Presumably, Munyurangabo’s in­clusion in the lineups of so many prestigious festivals can be attributed in part to Chung’s photography. It is a strikingly beautiful film. And, particularly for a first-time director, Chung demonstrates a genuine talent for an essential aspect of his craft: He knows where to put the camera. When I ask about my favorite shot in the film, a simple image of Sangwa’s and ‘Ngabo’s faces in profile, he thanks me for the compliment but seems reticent to talk at length about the scene. “I knew what shots would come before it and what would come after it, and I knew I needed to break the rhythm with a quieter moment.” Chung’s humility can actually be felt in the image itself. Like the filmmakers to whom he owes the greatest debt—Terrence Malick, Andrei Tarkovsky, Jean-Pierre and Luc Dardenne—Chung has a sensitive curiosity about the human face, and the style of his film invites viewers to reflect upon their shared dignity rather than to simply pass judgment, as films so often do.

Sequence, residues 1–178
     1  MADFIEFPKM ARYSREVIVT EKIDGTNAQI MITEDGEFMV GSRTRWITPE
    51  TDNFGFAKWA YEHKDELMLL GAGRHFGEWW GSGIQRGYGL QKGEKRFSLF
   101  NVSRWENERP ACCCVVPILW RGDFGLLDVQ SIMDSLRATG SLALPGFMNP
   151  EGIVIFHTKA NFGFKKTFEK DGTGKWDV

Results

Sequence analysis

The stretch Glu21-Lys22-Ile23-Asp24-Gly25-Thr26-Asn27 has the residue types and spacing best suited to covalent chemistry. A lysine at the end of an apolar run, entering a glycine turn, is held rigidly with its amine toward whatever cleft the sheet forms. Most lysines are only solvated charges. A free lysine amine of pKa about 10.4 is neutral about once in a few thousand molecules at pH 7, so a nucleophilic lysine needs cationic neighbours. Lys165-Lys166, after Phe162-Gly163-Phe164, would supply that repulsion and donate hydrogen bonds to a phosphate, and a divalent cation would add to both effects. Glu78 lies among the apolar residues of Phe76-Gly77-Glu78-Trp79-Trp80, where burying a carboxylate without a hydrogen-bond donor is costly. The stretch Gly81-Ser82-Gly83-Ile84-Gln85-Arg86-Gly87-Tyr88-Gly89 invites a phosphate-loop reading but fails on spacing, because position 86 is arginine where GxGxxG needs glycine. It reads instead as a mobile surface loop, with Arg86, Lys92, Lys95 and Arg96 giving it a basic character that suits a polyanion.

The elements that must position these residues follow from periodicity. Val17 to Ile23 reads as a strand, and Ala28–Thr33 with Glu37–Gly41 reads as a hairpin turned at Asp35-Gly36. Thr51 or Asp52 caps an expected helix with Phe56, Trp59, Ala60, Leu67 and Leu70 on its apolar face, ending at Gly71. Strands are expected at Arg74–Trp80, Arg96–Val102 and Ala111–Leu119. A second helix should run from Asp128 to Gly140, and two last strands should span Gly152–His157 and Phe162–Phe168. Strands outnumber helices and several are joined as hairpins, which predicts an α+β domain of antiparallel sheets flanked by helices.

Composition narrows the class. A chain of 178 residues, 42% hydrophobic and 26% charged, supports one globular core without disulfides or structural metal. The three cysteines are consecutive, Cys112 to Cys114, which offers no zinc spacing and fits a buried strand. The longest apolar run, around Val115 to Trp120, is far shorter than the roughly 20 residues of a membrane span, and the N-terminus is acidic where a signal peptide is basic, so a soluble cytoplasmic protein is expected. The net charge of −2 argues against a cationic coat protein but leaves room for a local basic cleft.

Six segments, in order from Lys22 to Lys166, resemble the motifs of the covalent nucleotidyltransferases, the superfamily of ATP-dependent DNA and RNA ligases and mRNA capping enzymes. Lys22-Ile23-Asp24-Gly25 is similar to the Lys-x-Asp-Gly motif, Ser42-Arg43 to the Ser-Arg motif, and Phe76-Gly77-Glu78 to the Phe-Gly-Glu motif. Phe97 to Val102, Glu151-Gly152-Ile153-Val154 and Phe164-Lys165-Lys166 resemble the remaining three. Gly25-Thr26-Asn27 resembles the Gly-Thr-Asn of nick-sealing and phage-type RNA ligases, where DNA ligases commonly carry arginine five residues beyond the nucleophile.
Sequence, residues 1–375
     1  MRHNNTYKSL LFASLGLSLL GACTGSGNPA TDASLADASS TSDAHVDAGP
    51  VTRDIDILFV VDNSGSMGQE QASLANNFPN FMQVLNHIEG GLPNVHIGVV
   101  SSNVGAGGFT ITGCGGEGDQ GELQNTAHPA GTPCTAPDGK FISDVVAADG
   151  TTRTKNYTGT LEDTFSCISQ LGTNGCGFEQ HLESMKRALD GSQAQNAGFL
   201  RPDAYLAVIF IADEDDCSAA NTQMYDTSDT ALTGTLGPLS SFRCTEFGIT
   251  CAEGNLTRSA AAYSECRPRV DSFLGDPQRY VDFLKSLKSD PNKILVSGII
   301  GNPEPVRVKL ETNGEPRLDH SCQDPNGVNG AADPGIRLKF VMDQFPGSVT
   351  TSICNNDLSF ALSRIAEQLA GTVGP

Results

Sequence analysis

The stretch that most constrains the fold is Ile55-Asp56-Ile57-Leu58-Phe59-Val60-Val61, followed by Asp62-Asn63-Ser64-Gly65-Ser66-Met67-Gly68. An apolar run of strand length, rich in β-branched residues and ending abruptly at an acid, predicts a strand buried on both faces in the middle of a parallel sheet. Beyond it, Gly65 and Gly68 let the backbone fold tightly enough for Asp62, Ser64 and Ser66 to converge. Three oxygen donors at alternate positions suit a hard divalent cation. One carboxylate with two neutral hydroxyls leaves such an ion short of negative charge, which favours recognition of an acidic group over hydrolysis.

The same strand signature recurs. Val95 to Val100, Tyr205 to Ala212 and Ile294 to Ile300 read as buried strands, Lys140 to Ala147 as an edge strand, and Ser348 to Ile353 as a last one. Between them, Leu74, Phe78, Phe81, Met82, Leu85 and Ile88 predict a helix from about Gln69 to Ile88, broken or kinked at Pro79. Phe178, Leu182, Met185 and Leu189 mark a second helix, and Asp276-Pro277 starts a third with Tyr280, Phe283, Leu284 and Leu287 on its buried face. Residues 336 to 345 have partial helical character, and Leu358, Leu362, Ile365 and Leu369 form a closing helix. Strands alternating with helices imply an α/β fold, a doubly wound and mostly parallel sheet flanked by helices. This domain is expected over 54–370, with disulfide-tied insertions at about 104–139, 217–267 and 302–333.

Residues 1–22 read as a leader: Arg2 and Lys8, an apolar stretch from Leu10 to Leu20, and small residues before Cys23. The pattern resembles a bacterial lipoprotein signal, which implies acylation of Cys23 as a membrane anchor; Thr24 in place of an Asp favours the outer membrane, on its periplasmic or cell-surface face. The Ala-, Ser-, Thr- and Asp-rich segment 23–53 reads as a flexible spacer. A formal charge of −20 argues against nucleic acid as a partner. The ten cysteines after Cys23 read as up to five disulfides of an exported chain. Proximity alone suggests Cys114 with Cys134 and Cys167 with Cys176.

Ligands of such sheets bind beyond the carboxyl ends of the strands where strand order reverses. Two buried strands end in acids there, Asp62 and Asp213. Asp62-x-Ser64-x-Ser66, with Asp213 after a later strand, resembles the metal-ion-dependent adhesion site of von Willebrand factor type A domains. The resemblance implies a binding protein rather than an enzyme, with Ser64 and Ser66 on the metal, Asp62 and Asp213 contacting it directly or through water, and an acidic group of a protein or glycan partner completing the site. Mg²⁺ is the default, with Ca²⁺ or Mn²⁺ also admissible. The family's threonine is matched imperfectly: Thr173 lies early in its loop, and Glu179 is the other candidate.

With some embarrassment, Chung admits another reason his film has found an audience at international festivals: “Several programmers have told me the film isn’t what they expected it to be.”

“Which is what, exactly?” I ask.

“I guess they expected another film about white guilt.”

We both laugh.

CHUNG WAS BORN in rural Arkansas, where his Korean father had moved to raise his children and establish a farm. “I guess it isn’t the typical immigrant story,” he admits. “Most leave the land in order to find economic opportunity in the city, but my father had other ideas.” After getting his first glimpse of New York City as a teenager, Chung followed his older sister to Yale, where he pursued his interests in politics and studied biology. His long-term plans changed, however, after he and a group of friends began watching foreign and classic art films together. Instead of medical school, Chung moved to Salt Lake City to study film at the University of Utah.